Tuesday, March 25, 2008

Logos for Mac and Accordance: Smackdown!

Okay, that is a provocative title for what is intended to be an irenic post. There has been a bit of fur flying as a result of this post by Paul T. McCain noting the release of an alpha version of Logos for the Mac. (At this Logos site, you can view a short video of the alpha in action, and you can download the alpha version. If you have licenses to Windows resources, you should be able to open them in the Mac version.) McCain, who is Publisher and Executive Director of the Editorial Department at Concordia Publishing House, followed up with this post including a screenshot, and then this post where he predicts the eventual demise of Accordance. He claims that Logos and the Libronix platform are the "obvious" choice because

  1. "Libronix is the largest provider of digital texts" [true],
  2. Libronix "offers very powerful original language research tools" [true] that are so good that "there is no reason to obtain alternative software packages like Accordance or BibleWorks" [hmmmmm????],
  3. Accordance has a "clunky interface" and lacks "core functionality" [hmmm???],
  4. and nowhere but with Libronix can you obtain digital editions of core Lutheran works [well, not really...] "Simply put, there is no other resource remotely comparable to it [Libronix] for Lutheran theological research and study." [probably true...]
The good folks at Accordance quickly responded with a defense of their work here and here. They don't plan to go out of business anytime soon!

If this argument interests you, let me make some observations. Do note that I have very little experience with the Mac. I do have their Bible Atlas module, and have commented on the good experience I have had with it. I am, however, fairly proficient with both BibleWorks and Logos.
  • I disagree with the claim that Logos has now made other Bible software programs, Accordance and BibleWorks in particular, unworthy alternatives. Personally, I am usually running both BibleWorks and Logos at the same time. (Thank goodness for dual monitors!) As has long been noted, BibleWorks7 is simply much faster in most instances in conducting searches on biblical texts. (BW7 is even faster for setting up searches once you become familiar with the somewhat arcane command line codes. And, as I have long complained, Logos still has not fixed their unreliable LXX database.) OTOH, I need Logos for the Anchor Bible Dictionary and a ton of other commentaries and books I use for research. Logos is also developing some important original language research tools making use of syntax and discourse analysis. I would be unhappy if I had to choose one or the other.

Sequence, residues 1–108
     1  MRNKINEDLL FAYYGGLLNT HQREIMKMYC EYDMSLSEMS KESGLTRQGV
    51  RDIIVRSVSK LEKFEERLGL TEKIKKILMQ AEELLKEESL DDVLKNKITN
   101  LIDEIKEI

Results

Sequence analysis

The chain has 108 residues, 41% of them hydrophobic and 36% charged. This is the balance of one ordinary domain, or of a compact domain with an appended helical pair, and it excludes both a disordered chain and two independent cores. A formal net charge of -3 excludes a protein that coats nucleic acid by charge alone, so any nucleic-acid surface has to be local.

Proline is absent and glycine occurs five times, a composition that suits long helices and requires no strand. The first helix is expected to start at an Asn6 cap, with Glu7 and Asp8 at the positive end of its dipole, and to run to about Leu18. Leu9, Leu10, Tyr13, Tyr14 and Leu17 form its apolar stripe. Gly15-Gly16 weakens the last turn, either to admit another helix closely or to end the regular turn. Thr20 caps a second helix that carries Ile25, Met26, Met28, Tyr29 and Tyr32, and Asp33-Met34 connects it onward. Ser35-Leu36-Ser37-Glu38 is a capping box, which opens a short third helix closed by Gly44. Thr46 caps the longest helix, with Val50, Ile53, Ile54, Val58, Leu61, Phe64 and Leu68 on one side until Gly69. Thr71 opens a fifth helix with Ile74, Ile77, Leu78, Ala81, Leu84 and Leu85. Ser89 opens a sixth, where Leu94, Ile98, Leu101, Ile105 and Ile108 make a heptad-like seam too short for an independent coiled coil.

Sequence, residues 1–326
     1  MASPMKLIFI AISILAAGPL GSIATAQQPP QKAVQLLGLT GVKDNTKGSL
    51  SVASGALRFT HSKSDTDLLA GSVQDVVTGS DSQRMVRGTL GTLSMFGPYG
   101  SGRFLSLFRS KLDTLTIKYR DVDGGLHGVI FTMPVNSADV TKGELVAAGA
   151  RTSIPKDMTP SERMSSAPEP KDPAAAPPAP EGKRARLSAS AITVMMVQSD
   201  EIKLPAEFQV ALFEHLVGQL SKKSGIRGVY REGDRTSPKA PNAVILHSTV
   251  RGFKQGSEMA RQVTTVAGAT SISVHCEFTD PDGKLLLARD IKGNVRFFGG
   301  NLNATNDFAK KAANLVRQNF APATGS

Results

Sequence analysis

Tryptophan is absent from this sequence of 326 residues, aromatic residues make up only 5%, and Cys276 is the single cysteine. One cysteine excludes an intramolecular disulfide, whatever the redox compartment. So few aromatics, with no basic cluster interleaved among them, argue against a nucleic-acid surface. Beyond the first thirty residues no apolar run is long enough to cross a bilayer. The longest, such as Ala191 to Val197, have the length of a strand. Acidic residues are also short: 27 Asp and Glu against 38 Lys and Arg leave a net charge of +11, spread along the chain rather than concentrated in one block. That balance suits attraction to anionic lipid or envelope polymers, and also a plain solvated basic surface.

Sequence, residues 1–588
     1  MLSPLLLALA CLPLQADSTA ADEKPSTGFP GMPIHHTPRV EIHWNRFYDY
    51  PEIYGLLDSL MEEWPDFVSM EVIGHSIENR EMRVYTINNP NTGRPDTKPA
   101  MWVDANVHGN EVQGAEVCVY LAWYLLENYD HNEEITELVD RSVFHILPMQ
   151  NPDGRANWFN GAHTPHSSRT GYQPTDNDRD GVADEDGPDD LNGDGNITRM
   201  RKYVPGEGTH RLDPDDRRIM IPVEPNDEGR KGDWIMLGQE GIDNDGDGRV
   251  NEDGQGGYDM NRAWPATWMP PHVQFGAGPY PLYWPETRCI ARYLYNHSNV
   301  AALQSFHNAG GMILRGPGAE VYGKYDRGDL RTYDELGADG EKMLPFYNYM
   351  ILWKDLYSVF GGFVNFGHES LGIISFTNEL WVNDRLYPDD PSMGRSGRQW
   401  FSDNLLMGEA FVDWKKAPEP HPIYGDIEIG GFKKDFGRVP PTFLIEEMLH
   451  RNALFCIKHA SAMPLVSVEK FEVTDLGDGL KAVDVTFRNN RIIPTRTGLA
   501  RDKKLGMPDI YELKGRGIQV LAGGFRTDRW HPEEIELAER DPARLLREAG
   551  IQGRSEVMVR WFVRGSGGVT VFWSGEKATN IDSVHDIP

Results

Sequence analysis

• What if money is an issue, so that a person really can't afford more than one program? I try to present the strengths of both Logos and BW7 to my students. Most end up buying BW7, because it is a better 'value' in terms of the biblical texts and language resources they can get. BUT, almost all of them also end up getting Logos. A number of required textbooks come with Libronix CDs, and they slowly build up a library of other Bibles and books. Since BW7 can create an external link to Logos books, they end up working fairly well together. And the Mac users? They usually do end up buying Accordance, even though it is somewhat pricier for what they are able to get. (Logos for the Mac has been promised for a long time, and it still is just an alpha version.) All of them have been very happy with Accordance.
  • As for interfaces: I have been through QuickVerse > BibleWindows=Bibloi > BibleWorks5>6>7 and LogosX > Logos3. Each one of those transitions took some getting used to. I had gotten quite comfortable with BW6 and the switch to BW7 was unsettling, but ultimately, BW7 makes the most sense to me. In fact, I have set up my Logos3 so that it approximates BW7. Works for me. I took a look at the Logos for Mac alpha, and it pretty much appears to look and act like the Windows version. That may be a great thing for some but not necessarily so for native Mac users. I had a Mac friend show me how they use Accordance, and they were intuitively doing things that made no sense to my Windows mind.
  • It is a bit suspect that an employee of Concordia Publishing House would criticize Accordance for not having CPH products when CPH appears not to be willing to license its products to Accordance but only to Libronix. And CPH is not the only publishing house that appears to have established exclusive relationships with Libronix. Hey, that is the right of publishing houses to make such decisions, and they certainly need to figure out their own costs/profits. I realize that the issue of obtaining licenses is rather complicated (ask the BibleWorks people about their attempts to get rights to the critical edition of the Greek NT from the German Bible Society!), and there are costs to consider, profits to maximize, etc., but McCain's criticism of Accordance does appear to be self-serving and reflecting a conflict of interest.